The last mechanism that I’d like to discuss is the most direct mechanism for resistance. Given a particular protein that is targeted by a small molecule, bacteria mutate that target, which results in a small molecule that has little to no affinity for the new mutant.
The nature of small-molecule — protein binding is such that even a small mutation to the active site will result in a huge resulting change in binding affinity. Most proteins have a catalytic triad, where only three amino acids are responsible for the majority of the enzyme activity. That’s why it is not surprising that mutating even one residue can result in a complete lack of affinity for the originally potent molecule. These single residue mutations that confer almost complete resistance to new antibiotics are so common that they’re given a special name – “escape” mutations.
Part 2 — Existing antimicrobial resistance solutions and limitations
The most obvious solution to the problem of antibiotic resistance is to keep developing them. That’s the approach the scientific community is, for the most part, taking right now. Once a target becomes irrelevant due to the transfer of an antibiotic resistance determining factor, you choose a new target and start the process all over again. Each cycle of developing a new antibiotic and then bacteria getting resistant to the antibiotic takes only a few years (In the lab, bacteria often take no more than a few hours to develop resistance to a drug, but obviously the selective pressure in the lab is much higher than that in nature. More on that here.)
There are solutions that attempt to discover new antibiotics faster and acquire a diverse array of antibiotics, but these approaches do not actually expand the cycle (i.e. they do not increase the amount of time that it would take for bacteria to get resistant to a given drug).
One example of recent work is Deep Learning for Antibiotic Discovery, work coming from a collaboration between the BROAD institute and CSAIL at MIT. The work utilizes a message parsing neural network architecture to train a classifier to predict whether a given molecule is antimicrobial or not. After training on a large set of molecules, the model was deployed on a set of already FDA approved repurposable drugs. After deploying the model on this set of repurposable drugs, they discovered halicin, a molecule that, when compared to other structurally, showed an ability to evade resistance that was much higher. They tested halicin in mice and murine mouse models to discover that it showed high levels of potency.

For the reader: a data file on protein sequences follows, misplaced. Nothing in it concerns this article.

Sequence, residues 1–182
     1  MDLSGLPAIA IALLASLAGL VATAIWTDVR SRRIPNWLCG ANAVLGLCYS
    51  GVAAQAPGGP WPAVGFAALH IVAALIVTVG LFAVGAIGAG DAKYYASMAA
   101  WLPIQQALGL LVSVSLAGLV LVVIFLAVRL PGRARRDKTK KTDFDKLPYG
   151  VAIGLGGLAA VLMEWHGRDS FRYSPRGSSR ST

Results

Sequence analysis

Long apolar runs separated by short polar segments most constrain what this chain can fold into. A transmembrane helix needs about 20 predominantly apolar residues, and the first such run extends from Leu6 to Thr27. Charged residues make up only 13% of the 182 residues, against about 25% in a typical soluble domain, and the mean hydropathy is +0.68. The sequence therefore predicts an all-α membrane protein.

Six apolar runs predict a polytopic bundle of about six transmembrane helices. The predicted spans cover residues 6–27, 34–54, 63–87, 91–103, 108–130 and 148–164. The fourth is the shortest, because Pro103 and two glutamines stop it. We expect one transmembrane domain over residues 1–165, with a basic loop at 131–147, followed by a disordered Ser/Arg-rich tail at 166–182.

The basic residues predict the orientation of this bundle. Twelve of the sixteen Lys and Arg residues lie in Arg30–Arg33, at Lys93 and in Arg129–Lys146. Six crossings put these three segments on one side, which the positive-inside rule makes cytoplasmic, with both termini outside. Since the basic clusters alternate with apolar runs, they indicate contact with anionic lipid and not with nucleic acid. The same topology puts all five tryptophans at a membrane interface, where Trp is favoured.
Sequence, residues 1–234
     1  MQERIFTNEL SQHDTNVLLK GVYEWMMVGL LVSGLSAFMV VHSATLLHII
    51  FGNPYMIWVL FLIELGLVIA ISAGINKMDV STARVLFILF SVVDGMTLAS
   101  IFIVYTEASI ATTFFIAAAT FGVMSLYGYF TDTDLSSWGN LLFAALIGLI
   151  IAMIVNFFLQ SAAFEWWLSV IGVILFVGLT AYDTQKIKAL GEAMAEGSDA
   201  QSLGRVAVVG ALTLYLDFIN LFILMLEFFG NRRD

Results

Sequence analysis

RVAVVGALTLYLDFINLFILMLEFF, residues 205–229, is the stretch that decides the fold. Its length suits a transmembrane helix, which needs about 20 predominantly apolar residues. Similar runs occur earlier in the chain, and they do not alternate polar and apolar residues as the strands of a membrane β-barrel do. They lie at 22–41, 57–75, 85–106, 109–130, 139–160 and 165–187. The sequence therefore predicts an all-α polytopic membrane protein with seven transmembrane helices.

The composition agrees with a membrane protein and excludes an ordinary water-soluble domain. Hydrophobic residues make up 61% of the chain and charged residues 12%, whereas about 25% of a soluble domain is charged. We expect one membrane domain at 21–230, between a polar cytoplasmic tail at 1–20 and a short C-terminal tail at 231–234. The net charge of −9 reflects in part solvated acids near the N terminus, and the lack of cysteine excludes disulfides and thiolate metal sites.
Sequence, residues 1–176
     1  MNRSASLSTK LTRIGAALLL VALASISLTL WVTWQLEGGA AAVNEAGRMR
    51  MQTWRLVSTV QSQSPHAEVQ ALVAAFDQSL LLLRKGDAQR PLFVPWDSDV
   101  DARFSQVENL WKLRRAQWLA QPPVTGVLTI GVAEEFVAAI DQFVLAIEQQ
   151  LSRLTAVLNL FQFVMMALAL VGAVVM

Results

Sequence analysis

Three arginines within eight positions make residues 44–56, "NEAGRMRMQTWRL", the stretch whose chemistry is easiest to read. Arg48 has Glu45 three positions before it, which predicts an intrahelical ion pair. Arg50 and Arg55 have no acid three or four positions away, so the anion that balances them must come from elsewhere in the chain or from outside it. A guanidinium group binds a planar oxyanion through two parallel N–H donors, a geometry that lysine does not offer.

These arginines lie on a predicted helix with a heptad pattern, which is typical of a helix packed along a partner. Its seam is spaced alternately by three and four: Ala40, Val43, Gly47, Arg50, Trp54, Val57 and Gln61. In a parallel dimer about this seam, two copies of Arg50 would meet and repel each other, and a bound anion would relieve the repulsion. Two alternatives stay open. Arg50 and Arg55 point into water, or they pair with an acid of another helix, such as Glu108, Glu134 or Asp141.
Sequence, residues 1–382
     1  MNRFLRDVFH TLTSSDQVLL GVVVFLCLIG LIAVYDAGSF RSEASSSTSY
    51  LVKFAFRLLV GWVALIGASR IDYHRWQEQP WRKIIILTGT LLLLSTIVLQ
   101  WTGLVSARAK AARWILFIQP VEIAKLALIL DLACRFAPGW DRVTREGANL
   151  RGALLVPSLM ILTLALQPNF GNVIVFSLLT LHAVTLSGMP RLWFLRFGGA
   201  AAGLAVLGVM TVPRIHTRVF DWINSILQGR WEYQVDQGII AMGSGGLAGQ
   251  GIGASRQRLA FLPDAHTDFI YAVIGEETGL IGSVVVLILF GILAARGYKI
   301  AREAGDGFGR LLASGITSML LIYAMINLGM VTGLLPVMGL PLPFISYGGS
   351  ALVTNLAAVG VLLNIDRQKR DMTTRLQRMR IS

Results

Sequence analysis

Again, the main limitations here are that the method extends new ways to discover antibiotics but doesn’t inherently elongate the development, resistance cycle.
Currently, many groups are also focusing on the development of antimicrobial peptides. Peptides are another modality of drugs (other than small molecules) that are made of small strings of amino acids. Peptides have been shown (we still don’t understand why) to have intrinsic antimicrobial activity and that’s why many groups seem to be capitalizing on them — for example, the de la Fuente lab at UPenn.
Part 3 — future directions for the field of antimicrobial resistance
A few days, in a call with an antimicrobial resistance author and research scholar from Princeton (Laura Kahn), I learned about the idea of one health.